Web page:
A striking young tree, resplendent in its Autumnal golden yellow foliage is the first colourful image that strikes the eye, giving a flavour of the season. Many crunchy, brown Oak and Beech leaves were covering the ground along the way. I couldn’t help imagining a fine tilth of leaf mould all over our allotment if only I could solve the logistical problem of transportation.

We continued to wander along the woodland trail and next encountered this wonderful pink Azalea tree at the edge of the pathway. This was the only shrub  in bloom at this time of the year, although many shrubs were covered in plump strong buds which promises well for a gorgeous display of blooms in the Spring.

Margaret came prepared with a walking cane to aid her balance on the uneven terrain. We passed a few people also enjoying the solitude of a woodland afternoon stroll, mainly couples walking the family pooch. Everyone we encountered strictly observed the social distance recommendations and cheerfully said Good Afternoon to us as we passed.

I was examining some rich green ferns, almost ankle-deep in Oak tree leaves here. The tangled branches in the background sadly feature a good number of branches that had been torn off the trees in a recent terrific storm.

We were just in time to see a Squirrel dashing  up the trunk of a large Beech tree and I noticed the ground was covered with the empty husks of Beechnuts. Obviously there is a secreted hibernation larder nearby.

The normally prolific birdlife was either roosting or away on migration. However we did notice a Magpie, a Crow and a few smaller birds darting around. At the end of the afternoon we had walked two miles in about 50 minutes. A good healthy lockdown exercise experience for both of us.

© Written by John Yeo ~ All rights reserved

The cruel decline of a brilliant husband of a poet.


The cruel decline of a brilliant husband of a poet

(A fictional tale of a fictional meeting)

by John Yeo

Quite a good bus service here in Huddersfield,

The bus station was busy but empty,

It was a chilly day in town with a sharp wind. 

I sat waiting next to a gent in a raincoat, 

He puffed on his pipe and looked content.

Suddenly he turned to me and said,

“I was a boy in this area, it’s changed”.

I murmured a response and nodded.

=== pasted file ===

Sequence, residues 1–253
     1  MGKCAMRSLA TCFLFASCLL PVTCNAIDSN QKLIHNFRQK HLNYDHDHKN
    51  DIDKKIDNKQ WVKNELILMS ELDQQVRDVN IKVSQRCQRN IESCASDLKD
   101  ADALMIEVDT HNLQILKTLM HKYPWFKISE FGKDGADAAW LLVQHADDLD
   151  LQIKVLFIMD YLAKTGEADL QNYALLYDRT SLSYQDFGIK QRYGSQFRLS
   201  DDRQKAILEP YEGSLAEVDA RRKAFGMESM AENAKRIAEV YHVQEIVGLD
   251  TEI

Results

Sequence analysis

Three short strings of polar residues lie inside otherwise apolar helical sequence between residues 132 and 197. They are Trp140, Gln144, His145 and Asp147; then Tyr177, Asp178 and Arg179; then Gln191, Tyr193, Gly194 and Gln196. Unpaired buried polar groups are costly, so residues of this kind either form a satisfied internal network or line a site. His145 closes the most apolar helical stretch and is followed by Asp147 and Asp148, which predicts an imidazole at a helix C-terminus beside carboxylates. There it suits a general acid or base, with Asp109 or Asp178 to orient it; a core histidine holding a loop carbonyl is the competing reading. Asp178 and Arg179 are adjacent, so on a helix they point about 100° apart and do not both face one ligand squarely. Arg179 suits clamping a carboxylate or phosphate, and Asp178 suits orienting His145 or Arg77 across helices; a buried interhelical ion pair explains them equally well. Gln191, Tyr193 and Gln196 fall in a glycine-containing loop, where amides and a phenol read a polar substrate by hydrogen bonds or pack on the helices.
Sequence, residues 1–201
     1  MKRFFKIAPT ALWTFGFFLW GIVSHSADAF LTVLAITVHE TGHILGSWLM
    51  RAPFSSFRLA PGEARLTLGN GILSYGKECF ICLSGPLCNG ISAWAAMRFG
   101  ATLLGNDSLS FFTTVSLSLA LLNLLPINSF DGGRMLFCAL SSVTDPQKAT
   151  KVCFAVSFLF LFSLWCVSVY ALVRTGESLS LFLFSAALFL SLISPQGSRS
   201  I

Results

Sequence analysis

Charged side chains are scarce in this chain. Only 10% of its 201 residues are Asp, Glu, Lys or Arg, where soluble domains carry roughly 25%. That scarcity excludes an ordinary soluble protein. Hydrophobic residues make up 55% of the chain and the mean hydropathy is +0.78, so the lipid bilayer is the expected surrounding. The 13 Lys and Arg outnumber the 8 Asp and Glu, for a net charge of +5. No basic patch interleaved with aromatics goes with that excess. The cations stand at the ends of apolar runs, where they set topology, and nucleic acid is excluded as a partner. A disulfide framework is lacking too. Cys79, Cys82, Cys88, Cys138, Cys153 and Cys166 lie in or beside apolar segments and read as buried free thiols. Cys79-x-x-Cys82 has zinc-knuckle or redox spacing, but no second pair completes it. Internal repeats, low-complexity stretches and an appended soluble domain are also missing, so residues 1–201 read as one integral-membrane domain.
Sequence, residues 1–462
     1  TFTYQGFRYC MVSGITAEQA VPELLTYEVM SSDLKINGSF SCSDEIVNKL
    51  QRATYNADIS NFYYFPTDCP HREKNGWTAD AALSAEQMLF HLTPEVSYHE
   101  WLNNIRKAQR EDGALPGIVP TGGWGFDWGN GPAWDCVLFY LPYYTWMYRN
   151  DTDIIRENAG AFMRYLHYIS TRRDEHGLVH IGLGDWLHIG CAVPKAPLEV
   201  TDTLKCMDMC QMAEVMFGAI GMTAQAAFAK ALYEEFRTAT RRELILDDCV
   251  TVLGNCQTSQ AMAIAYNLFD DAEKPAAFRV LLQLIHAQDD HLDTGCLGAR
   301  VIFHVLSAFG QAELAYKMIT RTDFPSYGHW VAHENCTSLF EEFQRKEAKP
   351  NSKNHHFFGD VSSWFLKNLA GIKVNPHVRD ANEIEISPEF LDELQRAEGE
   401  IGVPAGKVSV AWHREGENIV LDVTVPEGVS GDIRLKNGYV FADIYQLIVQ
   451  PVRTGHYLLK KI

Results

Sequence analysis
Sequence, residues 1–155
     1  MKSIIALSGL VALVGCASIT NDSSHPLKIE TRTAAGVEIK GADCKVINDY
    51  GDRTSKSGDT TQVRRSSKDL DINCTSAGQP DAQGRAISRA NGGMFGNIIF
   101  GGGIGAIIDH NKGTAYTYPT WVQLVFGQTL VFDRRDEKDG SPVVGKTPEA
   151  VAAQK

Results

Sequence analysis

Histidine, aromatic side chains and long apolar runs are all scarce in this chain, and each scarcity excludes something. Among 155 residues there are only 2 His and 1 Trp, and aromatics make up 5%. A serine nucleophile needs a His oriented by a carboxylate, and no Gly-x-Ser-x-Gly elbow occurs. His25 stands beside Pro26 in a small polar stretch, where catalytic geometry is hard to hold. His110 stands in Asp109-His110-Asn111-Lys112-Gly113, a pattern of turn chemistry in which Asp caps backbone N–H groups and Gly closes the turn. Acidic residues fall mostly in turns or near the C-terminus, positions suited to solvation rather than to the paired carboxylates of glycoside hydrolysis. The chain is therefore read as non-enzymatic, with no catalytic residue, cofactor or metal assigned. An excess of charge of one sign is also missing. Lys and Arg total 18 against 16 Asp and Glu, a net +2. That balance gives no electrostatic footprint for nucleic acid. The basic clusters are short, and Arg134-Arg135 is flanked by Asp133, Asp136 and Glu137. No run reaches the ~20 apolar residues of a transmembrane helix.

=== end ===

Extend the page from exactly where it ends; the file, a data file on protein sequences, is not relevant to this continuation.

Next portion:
The wind picked up, then I asked my friend,

“What time is the next bus due to arrive?”

“I’m not too sure, Mary will know,” he replied.

“There was a huge gasometer down the road,

Near the grammar school that I attended.

My name is James, they called me Jim at school”

The cruel wind was blowing mercilessly,

A bus arrived, already full, so Jim and I sat still.


A kindly lady bustled along, “There you are Harold!

I’ve looked everywhere for you, the driver is waiting, 

The car is here”, She looked at me and smiled.

“I hope he has not been any trouble, I’m Mary”.

My friend looked at me, “Thank you for listening”

Pulled his raincoat collar up against the cruel wind.

~~Of change~~ “Mary I’m coming love,

I was Prime Minister, once you know”.


I sat stunned as realisation dawned,

My mind raced over the conversation

I would like to have had before his resignation

And cruel mental decline from Alzheimer’s disease.

How he kept us out of the Vietnam war,

Awarded The Beatles an MBE

During a very long week in politics

Foreseeing the “white heat of technology”.

My companion had been none other than,

James Harold Wilson, Baron Wilson of Rielvaux.


©️ Written by John Yeo~ All rights reserved.

This is a poem I wrote several years ago based on a real life Prime Minister of the UK from 1964 to 1970. 1974 and 1976

He sensationally resigned shortly after his 60th birthday. It has been suggested he was in the early stages of Altzheimers disease when he resigned and some recent tests seem to bear this out.

He died in 1995 aged 79 of colon cancer and Altzheimers disease.

He was buried in St Mary’s in the  Isles of Scilly.

His wife Mary Wilson was an accomplished published poet.

Mary Wilson’s poem on Harold’s death….

My love you have stumbled slowly

On the quiet way to death

And you lie where the wind blows strongly

With a salty spray on its breath.

For this men of the island bore you

Down paths where the branches meet

And the only sounds were the crunching grind

Of the gravel beneath their feet

And the sighing slide of the ebbing tide

On the beach where the breakers meet

Lady Mary Wilson lived to be 102 passing away on 7th June 2018 in London and her ashes are buried in St Mary’s in the Isle of Scilly.